Here is another view of tinea pedis, which can be complicated by secondary bacterial infection, cellulitis or lymphangitis.
    By Robert G. Smith, DPM, RPh, CPed
    36,088 reads | 0 comments | 09/03/08
    One-third of the 17 million patients with diabetes develop manifestations of the disease that affect their skin.1,2 The cutaneous manifestations and signs of diabetes can heighten the suspicions of the practitioner regarding the diagnosis of these skin conditions. Patients with diabetes who have peripheral sensory neuropathy and impaired circulation are at an increased risk of developing complications from skin and nail conditions like onychomycosis.3 These skin changes of the foot can lead to the formation of a diabetic foot ulcer and potentially limb-threatening infecti... continue reading
    When it comes to the neurosensory examination, the PSSD device offers a sensitive test that can identify early changes in sensation and document the extent of sensory loss.
    By David Soomekh, DPM and Babak Baravarian, DPM
    12,609 reads | 0 comments | 09/03/08
    While there are many different causes of primary heel pain, it is often misdiagnosed as simple plantar fasciitis without the proper diagnostic tools. This is especially true for patients who have recurring symptoms and/or have failed multiple conservative and or surgical treatments. It takes a conscientious clinician to know when to begin thinking of a different diagnosis and a new course of treatment. This is especially true when it comes to heel pain. Many of the patients who walk into our offices complaining of heel pain have either been told by another doctor they have plantar fasciitis o... continue reading
    Here one can see an external lateral counter. This shoe modification is helpful when patients supinate too much or roll laterally off the base of the foot.
    By David J. Levine, DPM, CPed
    10,482 reads | 0 comments | 09/03/08
    Slipping on the heel and feeling that shoes are too tight or too big are sensations that we have all experienced with shoes that do not fit properly. We know not to wear shoes when they do not fit or feel right on our feet. Factor in those who are dealing with the effects of neuropathy, poor circulation, edema and obesity, and it is clear that shoes are not just a fashionable accessory, but essential medical devices that help protect and manage certain conditions we treat. Shoes are the foundation for podiatric treatment. Even more importantly, in the realm of wound healing, surgical inter... continue reading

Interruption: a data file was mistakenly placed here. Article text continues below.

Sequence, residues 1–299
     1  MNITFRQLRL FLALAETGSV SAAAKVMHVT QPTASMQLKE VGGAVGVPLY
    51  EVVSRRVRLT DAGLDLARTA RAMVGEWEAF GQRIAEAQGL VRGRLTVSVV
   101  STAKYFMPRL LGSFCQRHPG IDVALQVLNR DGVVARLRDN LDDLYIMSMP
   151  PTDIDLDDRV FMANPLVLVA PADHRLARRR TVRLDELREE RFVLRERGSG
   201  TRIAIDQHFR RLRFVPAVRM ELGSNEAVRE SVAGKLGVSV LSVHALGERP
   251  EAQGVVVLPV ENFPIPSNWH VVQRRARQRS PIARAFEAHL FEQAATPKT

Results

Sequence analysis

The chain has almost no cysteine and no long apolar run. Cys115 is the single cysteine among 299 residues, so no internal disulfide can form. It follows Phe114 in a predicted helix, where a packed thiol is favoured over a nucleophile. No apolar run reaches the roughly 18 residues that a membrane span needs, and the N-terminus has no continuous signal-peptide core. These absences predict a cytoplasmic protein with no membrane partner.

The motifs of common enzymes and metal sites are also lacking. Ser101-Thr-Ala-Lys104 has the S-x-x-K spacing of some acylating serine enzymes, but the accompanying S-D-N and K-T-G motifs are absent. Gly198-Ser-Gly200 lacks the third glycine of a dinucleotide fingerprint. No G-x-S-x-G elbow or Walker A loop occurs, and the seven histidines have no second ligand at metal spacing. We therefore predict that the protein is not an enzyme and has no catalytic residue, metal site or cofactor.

The Digital Compression Screw is “easy to install and has a short learning curve,” according to William Hineser, DPM, the Chief of Podiatry at Lutheran Medical Center in Wheat Ridge, Col.
    By Brian McCurdy, Associate Editor
    3,687 reads | 0 comments | 09/03/08
    Although performing digital arthrodesis on the lesser metatarsals with the traditional K-wire is reliable, patients may not be pleased with the prospect of a pin sticking out of their feet for several weeks after the procedure. A new screw offers compression, stability and perhaps an improved likelihood of patients enjoying the convenience of internal fixation. The Digital Compression Screw™ offers patients an alternative which they may find more cosmetically acceptable. William Hineser, DPM, has been using the screw for several months and says it is easy to install and has a sh... continue reading
    By Jeff Hall, Editor in Chief
    2,209 reads | 0 comments | 09/03/08
    A few weeks back, I drove up to North Jersey to join the rest of my family in celebrating the first birthday of my niece Madison. My sister Steph tried to make the most of the unwrapping of the gifts but Maddie was way past her naptime and struggled to feign mild disinterest. My other nieces McKenna and Maya, who are three and a half and a year and a half old respectively, were only too eager to step in and open the presents for their cousin. Their eyes lit up and their enthusiasm was in overdrive, no doubt fueled by the sugary rush of the birthday cake. Shortly afterward, I tried to muster... continue reading